Spanning from September 15 to October 15, National Hispanic Heritage Month is in full effect. This is a month dedicated to highlighting and celebrating Hispanic history, culture, and achievements. While the starting and ending dates may seem a bit odd, Hispanic Heritage Month begins September 15 because it is independence day for several Hispanic and Latino countries. A few of those countries include Nicaragua, El Salvador, Costa Rica, Honduras, and Guatemala. In addition, Chile and Mexico also celebrate their independence days during the duration of this month. Hispanic History Month initially started as Hispanic Heritage Week in 1968; however, in 1988, the week changed into a 30 day celebration.
Hispanic Heritage Month has a changing theme each year. The theme for 2022 is Unidos: Inclusivity for a Stronger Nation. This year focusing on intersectionality and honoring the strength in diversity. The theme was created by Ily Soares, the supervisory accountant at Farm Credit Administration. The point driven by Soares is one of representation. She believes when all voices are represented the outcome of crucial decisions is more inclusive and advocates for the needs of people who more often than not are underrepresented. In a quote from Soares she states, “We call on citizens of this nation from all walks of life to look around and welcome new voices to the table. This will help us build stronger communities and in turn, a stronger nation.” Being able to recognize the strengths of different types of people and weld them together is what this year’s theme is all about.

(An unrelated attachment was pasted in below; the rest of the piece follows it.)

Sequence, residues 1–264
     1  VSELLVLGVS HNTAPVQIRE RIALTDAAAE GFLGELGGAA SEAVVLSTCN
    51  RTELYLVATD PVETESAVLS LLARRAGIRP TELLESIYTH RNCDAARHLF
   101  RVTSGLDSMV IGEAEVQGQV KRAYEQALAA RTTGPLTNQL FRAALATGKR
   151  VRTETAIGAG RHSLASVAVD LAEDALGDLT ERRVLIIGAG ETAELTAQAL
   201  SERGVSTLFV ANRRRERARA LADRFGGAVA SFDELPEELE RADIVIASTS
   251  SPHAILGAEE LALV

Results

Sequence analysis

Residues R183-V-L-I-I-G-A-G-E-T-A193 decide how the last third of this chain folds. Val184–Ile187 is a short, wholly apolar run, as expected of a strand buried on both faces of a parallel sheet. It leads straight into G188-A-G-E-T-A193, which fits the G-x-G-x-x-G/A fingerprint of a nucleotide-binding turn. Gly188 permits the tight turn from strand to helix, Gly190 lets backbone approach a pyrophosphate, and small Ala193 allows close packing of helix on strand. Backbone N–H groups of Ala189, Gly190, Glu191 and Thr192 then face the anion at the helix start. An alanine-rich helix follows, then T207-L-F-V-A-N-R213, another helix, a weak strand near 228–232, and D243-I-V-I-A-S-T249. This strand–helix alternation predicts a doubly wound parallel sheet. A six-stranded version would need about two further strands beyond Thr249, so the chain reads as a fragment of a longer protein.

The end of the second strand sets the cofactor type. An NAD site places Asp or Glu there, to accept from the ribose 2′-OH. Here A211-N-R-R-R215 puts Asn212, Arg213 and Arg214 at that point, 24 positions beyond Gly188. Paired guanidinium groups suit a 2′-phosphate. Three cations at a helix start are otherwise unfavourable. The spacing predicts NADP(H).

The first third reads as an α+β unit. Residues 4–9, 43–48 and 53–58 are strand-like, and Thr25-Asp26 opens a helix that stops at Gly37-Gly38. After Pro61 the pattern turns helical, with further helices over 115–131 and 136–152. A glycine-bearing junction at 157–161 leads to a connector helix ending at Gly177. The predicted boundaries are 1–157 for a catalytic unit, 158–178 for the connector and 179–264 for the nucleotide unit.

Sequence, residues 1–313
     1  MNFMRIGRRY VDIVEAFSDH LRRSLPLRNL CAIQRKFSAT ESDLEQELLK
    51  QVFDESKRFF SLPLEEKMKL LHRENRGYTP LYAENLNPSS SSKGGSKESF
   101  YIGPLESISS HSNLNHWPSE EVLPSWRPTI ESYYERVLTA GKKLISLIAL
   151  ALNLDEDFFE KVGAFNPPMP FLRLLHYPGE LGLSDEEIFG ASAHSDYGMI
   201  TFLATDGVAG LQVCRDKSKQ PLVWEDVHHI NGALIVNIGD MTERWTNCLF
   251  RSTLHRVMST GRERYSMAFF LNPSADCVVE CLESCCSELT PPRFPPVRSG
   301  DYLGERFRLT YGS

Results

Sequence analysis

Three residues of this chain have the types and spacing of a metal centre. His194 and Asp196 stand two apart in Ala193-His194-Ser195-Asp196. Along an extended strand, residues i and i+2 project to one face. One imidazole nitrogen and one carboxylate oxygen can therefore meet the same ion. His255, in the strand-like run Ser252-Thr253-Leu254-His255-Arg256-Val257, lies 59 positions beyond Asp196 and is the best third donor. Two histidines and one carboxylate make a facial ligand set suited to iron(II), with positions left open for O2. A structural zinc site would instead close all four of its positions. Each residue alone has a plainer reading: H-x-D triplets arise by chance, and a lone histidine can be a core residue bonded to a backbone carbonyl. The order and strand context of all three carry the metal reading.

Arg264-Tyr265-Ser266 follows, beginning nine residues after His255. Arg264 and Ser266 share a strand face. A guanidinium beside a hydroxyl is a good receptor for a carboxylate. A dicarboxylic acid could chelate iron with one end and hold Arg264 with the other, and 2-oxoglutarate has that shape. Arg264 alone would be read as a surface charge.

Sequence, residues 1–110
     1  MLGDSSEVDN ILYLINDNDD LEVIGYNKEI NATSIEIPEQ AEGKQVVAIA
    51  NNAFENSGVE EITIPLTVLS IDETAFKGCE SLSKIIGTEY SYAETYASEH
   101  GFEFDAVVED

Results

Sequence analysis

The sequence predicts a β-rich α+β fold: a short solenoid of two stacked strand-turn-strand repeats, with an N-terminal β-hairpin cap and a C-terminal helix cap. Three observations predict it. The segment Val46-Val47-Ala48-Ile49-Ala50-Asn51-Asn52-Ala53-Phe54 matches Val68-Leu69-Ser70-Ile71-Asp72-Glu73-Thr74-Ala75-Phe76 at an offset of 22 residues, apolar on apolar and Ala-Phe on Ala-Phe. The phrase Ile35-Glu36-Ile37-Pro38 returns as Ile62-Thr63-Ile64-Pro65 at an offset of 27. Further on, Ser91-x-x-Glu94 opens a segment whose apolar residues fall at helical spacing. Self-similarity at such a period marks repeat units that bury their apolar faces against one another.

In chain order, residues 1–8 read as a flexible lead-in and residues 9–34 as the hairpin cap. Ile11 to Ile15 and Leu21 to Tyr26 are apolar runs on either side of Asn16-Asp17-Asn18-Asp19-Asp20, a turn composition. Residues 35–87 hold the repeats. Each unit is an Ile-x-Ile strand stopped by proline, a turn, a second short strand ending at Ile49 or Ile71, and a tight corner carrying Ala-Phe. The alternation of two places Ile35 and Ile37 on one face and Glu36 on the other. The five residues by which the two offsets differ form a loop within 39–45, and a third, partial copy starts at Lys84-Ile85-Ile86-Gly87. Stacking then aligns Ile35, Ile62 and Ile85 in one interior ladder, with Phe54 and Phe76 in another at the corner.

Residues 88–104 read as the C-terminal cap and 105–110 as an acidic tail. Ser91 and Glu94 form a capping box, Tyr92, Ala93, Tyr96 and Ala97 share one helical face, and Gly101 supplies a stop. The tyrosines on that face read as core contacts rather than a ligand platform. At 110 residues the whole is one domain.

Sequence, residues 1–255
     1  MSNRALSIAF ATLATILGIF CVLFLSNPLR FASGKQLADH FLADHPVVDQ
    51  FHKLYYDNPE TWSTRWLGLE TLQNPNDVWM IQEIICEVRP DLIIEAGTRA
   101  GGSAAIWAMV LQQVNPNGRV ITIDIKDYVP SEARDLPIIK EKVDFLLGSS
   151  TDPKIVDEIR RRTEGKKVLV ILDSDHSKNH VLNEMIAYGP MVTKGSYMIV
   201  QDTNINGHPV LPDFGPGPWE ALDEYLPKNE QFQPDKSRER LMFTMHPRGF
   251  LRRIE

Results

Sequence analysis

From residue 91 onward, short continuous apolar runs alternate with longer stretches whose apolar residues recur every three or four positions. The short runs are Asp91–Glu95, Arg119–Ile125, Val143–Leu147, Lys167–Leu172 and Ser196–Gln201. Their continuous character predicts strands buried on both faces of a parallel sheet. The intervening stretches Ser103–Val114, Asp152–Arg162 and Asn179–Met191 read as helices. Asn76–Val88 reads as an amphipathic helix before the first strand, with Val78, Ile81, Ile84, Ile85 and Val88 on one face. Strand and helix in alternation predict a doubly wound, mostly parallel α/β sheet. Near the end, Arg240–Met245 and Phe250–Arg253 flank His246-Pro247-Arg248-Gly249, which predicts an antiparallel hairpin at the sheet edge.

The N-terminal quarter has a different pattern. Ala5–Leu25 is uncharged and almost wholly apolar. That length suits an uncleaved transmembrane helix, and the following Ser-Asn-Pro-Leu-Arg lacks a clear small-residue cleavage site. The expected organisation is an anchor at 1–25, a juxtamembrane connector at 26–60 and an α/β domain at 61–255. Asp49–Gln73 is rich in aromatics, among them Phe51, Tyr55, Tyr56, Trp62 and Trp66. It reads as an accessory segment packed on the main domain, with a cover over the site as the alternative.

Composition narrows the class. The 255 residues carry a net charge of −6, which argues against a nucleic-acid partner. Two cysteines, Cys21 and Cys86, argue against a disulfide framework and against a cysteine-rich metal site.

As previously mentioned, several Hispanic and Latino countries observe their independence day during Hispanic Heritage Month, invoking much celebration in those countries and for others from said countries. The days are filled with festivals, parades, country-wide singing, dancing, good food, and oftentimes the history of their independence is recounted in schools. In Costa Rica and Guatemala, there is a torch running ceremony that takes place on the night of September 14. It is called Antorcha de la Independencia. During this ceremony a symbolic torch travels from Guatemala over the border into Costa Rica’s capital. The relay is to symbolize the news of freedom reaching Costa Rica in 1821, a month after Guatemalan independence, when it was a part of the Guatemalan kingdom. For more information about independence day in Hispanic and Latino countries check out: https://dmh.lacounty.gov/blog/2021/09/national-hispanic-heritage-month/
As one of the fastest growing minority communities in the United States, the culture cultivated by Hispanic people is something to be highlighted. There are numerous ways to support and appreciate that culture this month. This can be researching Hispanic artists, supporting small businesses run by Latinos, learning new food recipes, and gaining an education on the countless impacts that have been made by Hispanic and Latino people. It is crucial to recognize and appreciate the different perspectives and strengths that the Hispanic community brings to society. As the theme for this year’s Hispanic History Month brings to light, inclusivity creates a possibility for a stronger nation.